Does phytosterol have a beneficial effect on cholesterol metabolism?

From: The American Journal of Clinical Nutrition

Journal rating:
rating: 98%
Study Quality:
rating: 85%

Overall Reliability

Article Quality:
rating: 65%
rating: 0%


  • 18 adults


  • Participants received a phytosterol-deficient diet plus beverages supplemented with 0, 400, or 2000 mg phytosterols/day for 4 wk each (in random order).
  • All meals were prepared in a metabolic kitchen; breakfast and dinner on weekdays were eaten on site.


  • Phytosterol intakes (diet plus supplements) averaged 59, 459, and 2059 mg/d during the 3 diet periods.
  • Relative to the 59-mg diet, the 459- and 2059-mg phytosterol intakes significantly increased total faecal cholesterol excretion and biliary cholesterol excretion and reduced percentage intestinal cholesterol absorption.
  • Serum LDL cholesterol declined significantly only with the highest phytosterol dose; a trend was observed with the 459-mg/d dose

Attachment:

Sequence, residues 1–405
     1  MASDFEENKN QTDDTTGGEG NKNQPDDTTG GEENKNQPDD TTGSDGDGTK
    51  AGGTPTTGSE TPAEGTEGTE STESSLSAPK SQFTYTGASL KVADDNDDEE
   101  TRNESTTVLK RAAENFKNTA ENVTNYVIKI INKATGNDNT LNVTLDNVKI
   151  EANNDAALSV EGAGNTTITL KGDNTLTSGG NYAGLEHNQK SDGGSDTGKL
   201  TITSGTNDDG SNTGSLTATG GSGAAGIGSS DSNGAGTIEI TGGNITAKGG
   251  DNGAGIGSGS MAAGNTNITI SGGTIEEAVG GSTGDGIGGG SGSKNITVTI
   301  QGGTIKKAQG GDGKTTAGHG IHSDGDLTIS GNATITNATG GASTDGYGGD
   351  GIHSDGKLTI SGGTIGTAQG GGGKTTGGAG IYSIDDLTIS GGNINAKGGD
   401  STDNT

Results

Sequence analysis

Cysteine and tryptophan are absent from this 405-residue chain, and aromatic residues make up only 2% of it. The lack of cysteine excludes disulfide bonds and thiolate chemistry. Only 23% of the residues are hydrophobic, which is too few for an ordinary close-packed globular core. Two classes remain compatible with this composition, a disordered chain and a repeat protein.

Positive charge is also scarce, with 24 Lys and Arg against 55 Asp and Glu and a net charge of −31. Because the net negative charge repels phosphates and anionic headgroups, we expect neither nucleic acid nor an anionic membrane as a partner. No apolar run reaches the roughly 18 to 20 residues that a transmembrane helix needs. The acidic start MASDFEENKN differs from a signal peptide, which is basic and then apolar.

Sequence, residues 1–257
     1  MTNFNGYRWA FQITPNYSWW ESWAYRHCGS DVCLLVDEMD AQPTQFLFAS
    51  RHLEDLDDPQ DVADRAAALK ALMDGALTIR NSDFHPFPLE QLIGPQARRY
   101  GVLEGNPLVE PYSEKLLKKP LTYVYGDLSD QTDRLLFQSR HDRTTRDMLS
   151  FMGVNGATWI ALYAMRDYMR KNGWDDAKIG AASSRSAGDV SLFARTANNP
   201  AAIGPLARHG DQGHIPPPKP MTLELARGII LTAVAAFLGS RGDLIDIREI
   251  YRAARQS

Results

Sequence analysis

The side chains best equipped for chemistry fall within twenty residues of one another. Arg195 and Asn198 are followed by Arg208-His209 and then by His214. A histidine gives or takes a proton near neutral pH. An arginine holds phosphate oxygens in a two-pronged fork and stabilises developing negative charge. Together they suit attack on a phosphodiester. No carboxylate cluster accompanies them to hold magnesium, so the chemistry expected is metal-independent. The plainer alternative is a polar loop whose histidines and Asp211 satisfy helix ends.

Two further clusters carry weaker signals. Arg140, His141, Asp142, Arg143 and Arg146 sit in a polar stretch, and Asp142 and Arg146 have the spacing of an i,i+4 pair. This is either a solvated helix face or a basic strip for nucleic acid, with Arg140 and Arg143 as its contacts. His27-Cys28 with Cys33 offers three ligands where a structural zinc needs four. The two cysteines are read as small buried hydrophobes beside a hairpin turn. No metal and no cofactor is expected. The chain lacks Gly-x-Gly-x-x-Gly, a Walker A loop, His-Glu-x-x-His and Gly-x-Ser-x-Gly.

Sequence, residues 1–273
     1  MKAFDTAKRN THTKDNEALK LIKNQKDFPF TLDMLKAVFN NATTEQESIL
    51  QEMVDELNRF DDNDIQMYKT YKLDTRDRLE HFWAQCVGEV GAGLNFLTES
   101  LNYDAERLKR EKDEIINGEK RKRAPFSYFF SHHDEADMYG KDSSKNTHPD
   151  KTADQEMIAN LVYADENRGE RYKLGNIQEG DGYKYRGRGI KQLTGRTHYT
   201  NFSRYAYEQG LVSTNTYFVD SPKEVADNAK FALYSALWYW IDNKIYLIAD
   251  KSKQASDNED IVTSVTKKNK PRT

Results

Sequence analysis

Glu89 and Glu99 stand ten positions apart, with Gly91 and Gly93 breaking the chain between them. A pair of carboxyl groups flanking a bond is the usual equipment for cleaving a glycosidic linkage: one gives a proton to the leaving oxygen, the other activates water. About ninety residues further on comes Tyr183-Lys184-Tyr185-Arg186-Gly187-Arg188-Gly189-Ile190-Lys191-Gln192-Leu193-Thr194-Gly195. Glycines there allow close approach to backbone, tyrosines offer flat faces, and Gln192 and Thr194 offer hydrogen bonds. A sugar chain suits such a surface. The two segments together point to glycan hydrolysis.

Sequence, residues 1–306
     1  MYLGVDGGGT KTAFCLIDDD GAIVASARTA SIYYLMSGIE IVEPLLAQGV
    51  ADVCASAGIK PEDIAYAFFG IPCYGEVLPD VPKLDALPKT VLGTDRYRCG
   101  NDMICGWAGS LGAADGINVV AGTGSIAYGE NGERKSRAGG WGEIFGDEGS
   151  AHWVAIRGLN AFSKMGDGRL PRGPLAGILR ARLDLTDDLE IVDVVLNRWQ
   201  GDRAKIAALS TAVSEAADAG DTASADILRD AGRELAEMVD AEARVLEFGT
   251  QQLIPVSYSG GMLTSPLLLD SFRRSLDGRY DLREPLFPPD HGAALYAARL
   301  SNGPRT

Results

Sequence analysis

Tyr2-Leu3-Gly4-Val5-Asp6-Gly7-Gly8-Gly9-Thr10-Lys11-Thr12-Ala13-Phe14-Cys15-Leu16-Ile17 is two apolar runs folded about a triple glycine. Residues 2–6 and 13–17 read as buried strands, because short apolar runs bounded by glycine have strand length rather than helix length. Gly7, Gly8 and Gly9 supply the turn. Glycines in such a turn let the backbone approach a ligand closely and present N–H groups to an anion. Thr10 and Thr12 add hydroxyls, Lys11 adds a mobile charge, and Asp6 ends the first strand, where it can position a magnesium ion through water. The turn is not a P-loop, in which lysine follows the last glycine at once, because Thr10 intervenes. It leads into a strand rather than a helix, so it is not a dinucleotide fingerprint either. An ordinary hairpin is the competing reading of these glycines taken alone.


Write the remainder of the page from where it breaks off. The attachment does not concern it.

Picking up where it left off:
• Yes (with confidence) – at doses of 459- and 2059-mg phytosterol.


Editors Notes

  • Phytosterol supplementation of 2 g/d is recommended by the National Cholesterol Education Program to reduce 'bad' LDL cholesterol.
  • Because it is not feasible to obtain 2 g phytosterols in a natural diet, food manufacturers enrich common products (eg, margarine, orange juice, yogurt drinks, and granola bars) with phytosterols to enable individuals to achieve the recommended intake goal.
  • A large failing with the study is the low level of participants, and as such, the results are to be treated with caution.